Listen to Your Subconscious Mind
If you study the lives of people who have had Eureka moments, you’ll discover that their breakthroughs almost always came after extended periods of intense, conscious effort.
They worked, they noodled, they struggled. They abandoned all hope, they recommitted — and then the breakthrough came. And often at the most unexpected of moments.
They weren’t buying lottery tickets at their local deli, hoping to win a breakthrough fortune. They were digging for treasure in their own back yard.
Rene Descartes (Mr. “I-Think-Therefore-I-Am”) got the Scientific Method revealed to him in a dream. Elias Howe arrived at the final design for the lock stitch sewing machine in a dream. Richard Wagner got the idea his uber work, Das Rhinegold, while stepping onto a bus after long months of creative despair.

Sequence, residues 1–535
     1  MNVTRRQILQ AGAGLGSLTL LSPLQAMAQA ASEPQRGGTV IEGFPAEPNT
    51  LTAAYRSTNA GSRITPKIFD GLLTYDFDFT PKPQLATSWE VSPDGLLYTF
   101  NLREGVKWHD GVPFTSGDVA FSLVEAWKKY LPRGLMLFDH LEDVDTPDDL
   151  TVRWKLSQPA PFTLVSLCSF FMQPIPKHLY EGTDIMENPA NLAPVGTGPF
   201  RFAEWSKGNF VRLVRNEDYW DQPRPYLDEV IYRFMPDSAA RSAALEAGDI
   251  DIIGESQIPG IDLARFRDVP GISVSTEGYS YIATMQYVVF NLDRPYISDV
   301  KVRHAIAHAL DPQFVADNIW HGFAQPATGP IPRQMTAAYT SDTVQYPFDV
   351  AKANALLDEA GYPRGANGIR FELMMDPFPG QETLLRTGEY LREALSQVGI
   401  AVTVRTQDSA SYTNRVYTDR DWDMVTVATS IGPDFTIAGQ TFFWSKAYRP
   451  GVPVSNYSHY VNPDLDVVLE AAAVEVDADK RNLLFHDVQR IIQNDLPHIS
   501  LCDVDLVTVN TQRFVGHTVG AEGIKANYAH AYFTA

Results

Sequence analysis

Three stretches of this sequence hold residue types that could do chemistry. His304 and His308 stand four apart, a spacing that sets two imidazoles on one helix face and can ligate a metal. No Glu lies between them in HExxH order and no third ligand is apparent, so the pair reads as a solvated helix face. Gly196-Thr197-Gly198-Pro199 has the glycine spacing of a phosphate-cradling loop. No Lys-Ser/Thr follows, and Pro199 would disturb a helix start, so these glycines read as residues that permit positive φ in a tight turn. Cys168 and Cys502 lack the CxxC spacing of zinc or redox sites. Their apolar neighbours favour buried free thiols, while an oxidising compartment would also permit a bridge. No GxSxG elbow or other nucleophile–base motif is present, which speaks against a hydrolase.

In other words, the conscious mind works overtime in an attempt to solve a problem or achieve a goal. Unable to come up with the solution, the challenge gets outsourced to the subconscious mind, which then proceeds to figure things out in its own, sweet time.
Of course, all of this assumes we are listening to that still small voice of wisdom within us.
Well then, what’s a not-so-still, left-brained, bottom-line-watching business person to do if he wants to increase the odds of tapping into his inner Einstein.
Here’s a start:
This week, keep a log of your most inspired ideas, intuitions, and dreams. When something pops for you (an inspired thought, an inkling, a sudden insight) write it down — even if it doesn’t make sense. Then, at the end of the week, read your log.
Look for clues. Notice patterns. Make new connections. See what insights come to mind — and if they do, let us know.
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Leo Tilman and Charles Jacoby write in their book Agility: How to Navigate the Unknown and Seize Opportunity in a…Read More